• Abel Gomez Tomiczek

About the Russian Roulette of Rights of Possession

Rights of Possession (ROP) or “Derechos Posesorios” may seem a simple way of investment...but they are not. In fact, they are more complicated if you really want to prevent a legal problem in the near future. In order to explain the difference between a property that has ROP and a property that is titled, we must first know how the Panamanian government legally creates a property.


In simple words, the land from the beginning belongs to the government of Panama. Then the government "assigns" those rights so that there is supply and demand and the land increases in value as it passes from hand to hand (buying and selling) that is where the government starts to make money from taxes. As the government of Panama is not a real estate company, nor is it dedicated to real estate activities, they have to guarantee that the land that belongs to the government are for public use and benefit, of course protected by the law.


Faites votre jeux - Get your game on.

Once I know that I want a property "without title" the first thing I must do is to have the right to "occupy" it, that is why they are called “rights of possession", because I must possess it as my own. If a person "occupies" a property but it belongs to another person, and this person does not care, because it is a "possessory" right, he can lose this right in a period of one (1) year.


Obviously, in Panama, nothing is automatic. This person who is the new unregistered owner, and just arrived and occupied the property, can approach the government and ask to be given that ROP. If there is someone who opposes, then they don't give it to him. If nobody objects, then it is theirs. The same happens if you want to title the property, that is to say, a public deed is drawn up, registered and it is known to all, that this property belongs to you. To do so, you will have to prove that you are the owner.


If you are thinking of buying ROP, keep in mind the following (as a frame of reference, remember that every case is different). You need to ask for the plan with the geographic coordinates, to define exactly where the property is located. Also, your seller has to prove that he is the "de facto" owner, that is to say, by means of a certification from the police authority stating that the seller has been living there for five (5) years, you can also ask for affidavits from the neighbors as witnesses. In addition, receipts for electricity, water and telephone expenses must be presented, as well as all other suitable documentation that may prove that this person exercises the spirit of owner over this property. This happens because, although a property has ROP, according to the law in Panama, you can lose your right when another person takes the property for himself in a "peaceful" way. Or in short, another person lives on the property for more than one (1) year and you allowed him to do so without expelling him.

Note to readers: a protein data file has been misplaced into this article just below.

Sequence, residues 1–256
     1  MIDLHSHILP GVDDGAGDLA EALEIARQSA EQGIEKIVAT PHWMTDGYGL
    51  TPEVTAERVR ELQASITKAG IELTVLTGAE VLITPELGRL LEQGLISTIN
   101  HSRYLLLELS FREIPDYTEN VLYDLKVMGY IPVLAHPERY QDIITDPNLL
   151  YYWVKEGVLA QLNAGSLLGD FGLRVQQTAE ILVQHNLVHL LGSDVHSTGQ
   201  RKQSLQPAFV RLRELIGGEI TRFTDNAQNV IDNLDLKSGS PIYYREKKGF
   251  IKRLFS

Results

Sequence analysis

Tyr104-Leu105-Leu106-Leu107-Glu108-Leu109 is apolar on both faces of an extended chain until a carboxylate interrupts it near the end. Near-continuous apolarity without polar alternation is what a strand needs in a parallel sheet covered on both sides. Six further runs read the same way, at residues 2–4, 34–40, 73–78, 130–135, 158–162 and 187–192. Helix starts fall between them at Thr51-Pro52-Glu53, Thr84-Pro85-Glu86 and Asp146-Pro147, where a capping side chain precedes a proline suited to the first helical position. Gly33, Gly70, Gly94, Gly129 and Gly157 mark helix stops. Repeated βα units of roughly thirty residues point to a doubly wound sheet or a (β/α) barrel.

The stakes are set, or not?

The law in Panama establishes that the person who has the ROP has to occupy the property, has to fence the property, has to work it, has to build on it, has to preserve nature, watch over it and protect it so that other people do not take it. There is a technical legal word for this situation and it is called "Acquisitive prescription of dominion”. That is to say, if I have a ROP and I did not exercise my right, and I allowed another person to do so, according to the law in Panama, I can lose my ROP in one (1) year, and that gives the right to another person to prove in the courts of justice in Panama that he is the legitimate owner.


Another important issue to know is that the ROP can be registered by a natural or corporate body. When the land titling process is finished, the natural person will pay a symbolic price to the public office of the government, but when it is a corporate body it can be very expensive compared to what a natural person would pay. You should also keep in mind that not all properties that have ROP can be titled, i.e. it must not be a protected area, comarca territory, private estate, administrative concession area, land assigned in use and administration, among others, as well as it must not have a conflict, or judicial/administrative litigation.


If you wish to title an island or insular territory, you must prove the occupation for more than five (5) years and the physical dominion with owner's intention, in a pacific and interrupted way, through suitable means, that is to say, certifications of the Mayor's Office (this documents by itself is not enough as a proof), affidavits of witnesses of the community or of the neighbors, photos of the land and of the constructions made on the property, plans with GPS position and detailed location, with its boundaries, measurements and neighbors, public services contracts, construction permits, among others.


Rien ne va plus - The die is cast.

In summary, buying a ROP can be cheaper compared to a property that has registered title. However, as lawyers we do not gamble, and due to our professional experience we strongly recommend buying titled properties in order to guarantee your investment in the future.



Photo: www.pixabay.com // Greg Montani


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